Will Hillary be to Obama what Hick was to Ritter?
Somewhere out there, huddled in an oversized Washington, D.C., living room, an oak-paneled New York board room or perhaps even in the Secretary of State’s main conference room, a gaggle of Hillary Clinton’s closest advisers are scheming over an idea that, just weeks ago, was wholly unthinkable, to even the most flagrant of Clinton partisans: How do we get Obama out and Hillary in?
The Clintons are modern day Svengalis, you see. Their political cunning, their ability to read public opinion polls (and tea leaves), their seemingly innate capacity to smell political opportunity and pounce — it is sui generis in our politics.
They are sushi in a political deli full of month-old shish-kebabs.
And when that cunning instinct senses political opportunity — even if it is an opportunity five moves down the political chess board — the Clintons and their cadre of loyalists are never bashful about the pounce.
That’s the thing about the Clintons and their people. No one outmatches them when it comes to smarts — or vainglorious audacity when opportunity presents.
Break some China, step on toes, push under the bus the Leader of the Free World (who also happens to be your boss) — who cares? When the Clintons spot an opportunity to bolster their dynastic ambitions, they are known to act.
That’s the thing about the here and now: You don’t have to be Svengali to see the center-cut opportunity that President Barack Obama’s disastrous presidency potentially serves to Team Hillary.
In the last 60 days, Obama’s presidency has been reduced to a rubble of nothingness.
Liberals deride the president’s weak hand when negotiating with an iron-fisted tea party.
Conservatives in Congress, who themselves were deeply divided over whether to do a deal with the president on the debt ceiling, still managed to win the public-relations fight with Obama over the debt ceiling.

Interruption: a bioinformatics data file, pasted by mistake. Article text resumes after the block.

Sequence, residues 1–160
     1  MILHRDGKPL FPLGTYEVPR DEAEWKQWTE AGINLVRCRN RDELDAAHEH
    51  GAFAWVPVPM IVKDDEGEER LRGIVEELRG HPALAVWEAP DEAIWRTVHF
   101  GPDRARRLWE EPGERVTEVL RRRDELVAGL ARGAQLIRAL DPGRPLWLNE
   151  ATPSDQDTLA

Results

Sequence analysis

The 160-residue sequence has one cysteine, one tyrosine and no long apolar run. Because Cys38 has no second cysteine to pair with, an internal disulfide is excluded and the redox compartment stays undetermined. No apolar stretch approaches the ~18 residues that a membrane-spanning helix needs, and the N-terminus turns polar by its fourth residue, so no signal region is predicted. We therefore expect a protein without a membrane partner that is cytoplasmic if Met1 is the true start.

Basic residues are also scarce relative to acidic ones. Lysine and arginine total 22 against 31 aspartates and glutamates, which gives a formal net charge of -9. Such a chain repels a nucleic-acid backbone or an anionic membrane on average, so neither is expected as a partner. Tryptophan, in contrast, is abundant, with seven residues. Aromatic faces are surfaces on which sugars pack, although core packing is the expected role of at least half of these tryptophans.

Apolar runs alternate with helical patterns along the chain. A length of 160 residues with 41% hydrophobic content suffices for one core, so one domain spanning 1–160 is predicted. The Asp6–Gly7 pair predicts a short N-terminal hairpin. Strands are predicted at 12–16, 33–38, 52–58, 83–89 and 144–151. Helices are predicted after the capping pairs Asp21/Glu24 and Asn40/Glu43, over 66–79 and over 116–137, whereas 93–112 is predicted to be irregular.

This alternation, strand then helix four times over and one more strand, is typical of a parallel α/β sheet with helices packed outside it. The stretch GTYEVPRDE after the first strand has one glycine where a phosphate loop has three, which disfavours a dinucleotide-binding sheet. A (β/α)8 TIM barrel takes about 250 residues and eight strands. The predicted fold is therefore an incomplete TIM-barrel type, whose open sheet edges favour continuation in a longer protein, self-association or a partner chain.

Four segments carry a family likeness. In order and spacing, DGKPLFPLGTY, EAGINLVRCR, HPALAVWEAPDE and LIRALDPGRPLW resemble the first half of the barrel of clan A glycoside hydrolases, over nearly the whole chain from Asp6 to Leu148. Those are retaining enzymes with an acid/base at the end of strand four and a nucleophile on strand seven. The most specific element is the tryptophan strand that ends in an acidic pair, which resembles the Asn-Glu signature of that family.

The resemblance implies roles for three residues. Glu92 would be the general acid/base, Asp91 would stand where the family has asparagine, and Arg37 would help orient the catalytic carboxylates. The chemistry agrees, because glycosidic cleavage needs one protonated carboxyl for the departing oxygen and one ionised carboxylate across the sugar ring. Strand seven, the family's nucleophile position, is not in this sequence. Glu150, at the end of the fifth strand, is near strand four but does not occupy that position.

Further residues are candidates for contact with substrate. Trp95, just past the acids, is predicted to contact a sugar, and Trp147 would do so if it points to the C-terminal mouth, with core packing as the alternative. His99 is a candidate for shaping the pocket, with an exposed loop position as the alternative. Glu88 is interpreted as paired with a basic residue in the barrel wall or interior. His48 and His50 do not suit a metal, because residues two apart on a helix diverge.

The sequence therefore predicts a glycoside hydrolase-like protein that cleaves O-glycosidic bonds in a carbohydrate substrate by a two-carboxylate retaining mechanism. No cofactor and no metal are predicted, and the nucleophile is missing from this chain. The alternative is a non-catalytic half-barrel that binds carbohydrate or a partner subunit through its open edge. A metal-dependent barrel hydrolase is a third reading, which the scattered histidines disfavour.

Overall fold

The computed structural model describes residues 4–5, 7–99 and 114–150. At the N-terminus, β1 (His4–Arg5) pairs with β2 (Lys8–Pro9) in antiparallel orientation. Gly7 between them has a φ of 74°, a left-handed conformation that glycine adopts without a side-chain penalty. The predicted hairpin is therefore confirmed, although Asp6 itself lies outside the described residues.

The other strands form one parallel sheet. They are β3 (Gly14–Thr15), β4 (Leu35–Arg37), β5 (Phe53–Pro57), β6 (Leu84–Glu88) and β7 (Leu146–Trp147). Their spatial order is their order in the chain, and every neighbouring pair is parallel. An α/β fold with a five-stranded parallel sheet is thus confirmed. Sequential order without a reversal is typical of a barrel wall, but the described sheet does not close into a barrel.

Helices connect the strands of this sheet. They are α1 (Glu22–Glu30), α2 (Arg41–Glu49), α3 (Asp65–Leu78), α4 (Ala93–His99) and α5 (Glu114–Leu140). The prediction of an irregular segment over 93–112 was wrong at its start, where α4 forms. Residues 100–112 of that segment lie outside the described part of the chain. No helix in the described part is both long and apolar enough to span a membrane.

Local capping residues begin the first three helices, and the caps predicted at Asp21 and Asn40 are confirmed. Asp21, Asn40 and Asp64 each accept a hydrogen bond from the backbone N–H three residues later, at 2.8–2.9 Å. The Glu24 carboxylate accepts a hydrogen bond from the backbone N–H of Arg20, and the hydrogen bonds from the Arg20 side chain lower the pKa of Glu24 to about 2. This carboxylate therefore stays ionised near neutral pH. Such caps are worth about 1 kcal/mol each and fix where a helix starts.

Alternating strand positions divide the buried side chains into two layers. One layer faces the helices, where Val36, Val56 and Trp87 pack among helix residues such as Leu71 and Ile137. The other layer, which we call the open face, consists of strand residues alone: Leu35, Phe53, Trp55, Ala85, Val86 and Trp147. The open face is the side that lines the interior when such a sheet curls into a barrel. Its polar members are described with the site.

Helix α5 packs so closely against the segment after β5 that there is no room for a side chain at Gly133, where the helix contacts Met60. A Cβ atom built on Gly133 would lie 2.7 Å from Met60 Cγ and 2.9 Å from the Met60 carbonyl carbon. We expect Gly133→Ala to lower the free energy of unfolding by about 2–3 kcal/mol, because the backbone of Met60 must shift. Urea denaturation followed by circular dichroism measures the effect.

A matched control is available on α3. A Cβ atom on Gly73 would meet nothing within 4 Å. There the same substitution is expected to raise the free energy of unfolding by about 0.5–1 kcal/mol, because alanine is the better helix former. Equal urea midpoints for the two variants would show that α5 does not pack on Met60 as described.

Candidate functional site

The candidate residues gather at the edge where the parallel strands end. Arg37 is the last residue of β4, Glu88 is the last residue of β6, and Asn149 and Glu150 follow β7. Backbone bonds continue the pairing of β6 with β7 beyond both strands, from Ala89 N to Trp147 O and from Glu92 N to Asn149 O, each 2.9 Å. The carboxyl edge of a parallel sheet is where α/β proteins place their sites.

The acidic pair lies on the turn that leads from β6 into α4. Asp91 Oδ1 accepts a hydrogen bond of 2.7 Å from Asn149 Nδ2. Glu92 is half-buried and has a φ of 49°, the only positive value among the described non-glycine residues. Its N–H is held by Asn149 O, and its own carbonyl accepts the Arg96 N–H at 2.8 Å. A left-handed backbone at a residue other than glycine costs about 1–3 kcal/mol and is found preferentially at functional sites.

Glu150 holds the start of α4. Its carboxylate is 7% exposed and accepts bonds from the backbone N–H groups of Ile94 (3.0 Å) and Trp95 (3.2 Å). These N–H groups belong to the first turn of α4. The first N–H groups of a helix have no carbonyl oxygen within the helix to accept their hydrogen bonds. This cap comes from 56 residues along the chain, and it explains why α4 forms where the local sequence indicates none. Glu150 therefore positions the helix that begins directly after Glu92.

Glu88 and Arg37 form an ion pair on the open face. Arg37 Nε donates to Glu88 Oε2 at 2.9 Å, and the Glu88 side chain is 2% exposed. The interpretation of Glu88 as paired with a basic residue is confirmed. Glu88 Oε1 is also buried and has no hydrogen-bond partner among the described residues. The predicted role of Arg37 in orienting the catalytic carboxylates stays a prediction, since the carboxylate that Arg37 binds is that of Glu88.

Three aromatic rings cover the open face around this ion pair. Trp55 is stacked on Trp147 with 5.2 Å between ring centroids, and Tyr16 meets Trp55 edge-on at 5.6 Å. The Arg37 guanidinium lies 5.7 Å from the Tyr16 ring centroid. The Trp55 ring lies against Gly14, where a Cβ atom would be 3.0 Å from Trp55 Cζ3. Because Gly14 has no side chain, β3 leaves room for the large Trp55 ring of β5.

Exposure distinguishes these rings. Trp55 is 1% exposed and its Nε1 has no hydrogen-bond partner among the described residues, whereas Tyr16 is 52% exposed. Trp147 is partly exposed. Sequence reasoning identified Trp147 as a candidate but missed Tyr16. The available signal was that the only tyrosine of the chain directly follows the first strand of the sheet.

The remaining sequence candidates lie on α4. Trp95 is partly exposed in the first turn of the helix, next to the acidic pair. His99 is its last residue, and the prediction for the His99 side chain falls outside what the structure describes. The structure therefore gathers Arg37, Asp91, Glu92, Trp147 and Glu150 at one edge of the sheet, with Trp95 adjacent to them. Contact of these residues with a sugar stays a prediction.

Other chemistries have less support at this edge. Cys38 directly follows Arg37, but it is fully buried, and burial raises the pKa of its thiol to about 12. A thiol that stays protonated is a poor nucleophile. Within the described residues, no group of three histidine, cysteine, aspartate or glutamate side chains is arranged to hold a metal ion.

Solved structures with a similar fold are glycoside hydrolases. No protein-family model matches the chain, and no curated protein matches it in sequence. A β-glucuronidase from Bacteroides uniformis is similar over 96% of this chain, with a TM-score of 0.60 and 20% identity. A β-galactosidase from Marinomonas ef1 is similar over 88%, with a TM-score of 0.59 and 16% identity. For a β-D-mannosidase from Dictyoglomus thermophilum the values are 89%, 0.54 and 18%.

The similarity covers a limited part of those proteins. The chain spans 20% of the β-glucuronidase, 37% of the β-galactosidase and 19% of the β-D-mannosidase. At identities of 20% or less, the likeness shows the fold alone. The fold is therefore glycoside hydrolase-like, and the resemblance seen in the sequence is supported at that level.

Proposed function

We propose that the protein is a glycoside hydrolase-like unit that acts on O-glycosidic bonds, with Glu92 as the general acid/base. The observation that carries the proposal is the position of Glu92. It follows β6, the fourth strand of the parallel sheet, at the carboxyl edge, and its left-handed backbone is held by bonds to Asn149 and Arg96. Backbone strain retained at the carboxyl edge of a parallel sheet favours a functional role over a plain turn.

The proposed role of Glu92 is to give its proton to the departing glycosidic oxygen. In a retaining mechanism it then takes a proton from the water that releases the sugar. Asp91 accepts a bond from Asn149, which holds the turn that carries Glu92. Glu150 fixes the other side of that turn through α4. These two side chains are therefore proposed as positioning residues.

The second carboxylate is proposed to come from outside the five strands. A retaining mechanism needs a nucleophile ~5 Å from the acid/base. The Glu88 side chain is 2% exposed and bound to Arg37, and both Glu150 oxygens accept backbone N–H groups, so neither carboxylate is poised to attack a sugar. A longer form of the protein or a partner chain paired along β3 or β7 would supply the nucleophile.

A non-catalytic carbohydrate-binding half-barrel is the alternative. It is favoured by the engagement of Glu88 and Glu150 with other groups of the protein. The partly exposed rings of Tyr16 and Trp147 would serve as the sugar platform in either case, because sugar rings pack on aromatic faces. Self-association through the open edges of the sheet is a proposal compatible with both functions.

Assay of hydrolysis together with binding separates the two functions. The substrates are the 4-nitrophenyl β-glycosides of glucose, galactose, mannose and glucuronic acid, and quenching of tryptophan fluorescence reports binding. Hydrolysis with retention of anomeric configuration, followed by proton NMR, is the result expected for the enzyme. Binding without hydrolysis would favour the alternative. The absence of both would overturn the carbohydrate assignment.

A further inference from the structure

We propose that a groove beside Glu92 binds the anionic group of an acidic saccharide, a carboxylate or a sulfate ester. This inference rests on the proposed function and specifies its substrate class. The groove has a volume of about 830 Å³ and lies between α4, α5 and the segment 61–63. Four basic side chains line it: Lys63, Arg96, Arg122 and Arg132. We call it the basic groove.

And what of real people in the real world — the kind who vote for president based on whether the nation is better off than it was four years ago? What do they think of the man presiding over the nation as our credit worthiness is questioned, the jobs picture darkens and the stock market is more chaotic than Charlie Sheen after a carton of cigarettes and a half dozen Mountain Dews?
What should voters think of a president who meets news of the evaporation of more than a trillion dollars in American wealth with a press conference announcing that he is raising corporate average fuel economy standards?
Does anyone take this president seriously anymore?
If you believe the public opinion polls, the answer to that question is, not many. Obama’s job ratings have fallen as fast as the price of gold has risen. (There’s a correlation there, by the way. The public is searching desperately for a safe bet in all aspects of life. There is safety in gold, but in Obama there is none.) And thus Obama’s plummeting poll numbers.
A couple years back, a pollster told me that any well-known official seeking re-election — a governor, a U.S. senator or a president — faces an almost-impossible task when his approval ratings are in the low 40 percent range.
When everyone knows you, and 60 percent of everyone thinks you are lousy at your job, the road to 51 percent at the ballot box is daunting.
That’s why a 40 percent job-approval rating is viewed as something of a statistical kill zone — the moment at which an incumbent’s re-election odds are downgraded from “hard sell” to “long shot.”
In the months before Bill Ritter bowed out of his re-election race for Colorado governor, his job approval numbers were consistently in the low 40s — the same statistical kill zone that President Obama finds himself in today.
From that data point, I will let your imagination fill in the blanks.
Whether Hillary Clinton is to Barack Obama what John Hickenlooper was to Bill Ritter remains to be seen. But the similarities here are stark. Like Ritter, Obama has forfeited his base and ceded the center. And, as with Hickenlooper in Colorado, the Democrats have an able electoral alternative waiting eagerly on stage left.
There are a million reasons, of course, why a Democratic “switch” isn’t likely to materialize. But you can bet that hasn’t stopped the Clinton Camp from meeting in that board room or living room just the same. Long odds or not, you can bet they are wrestling with the question — how do we get Obama out and Hillary in?
Josh Penry is a former Colorado Senate Minority leader and a graduate of Grand Junction High School and Mesa State College.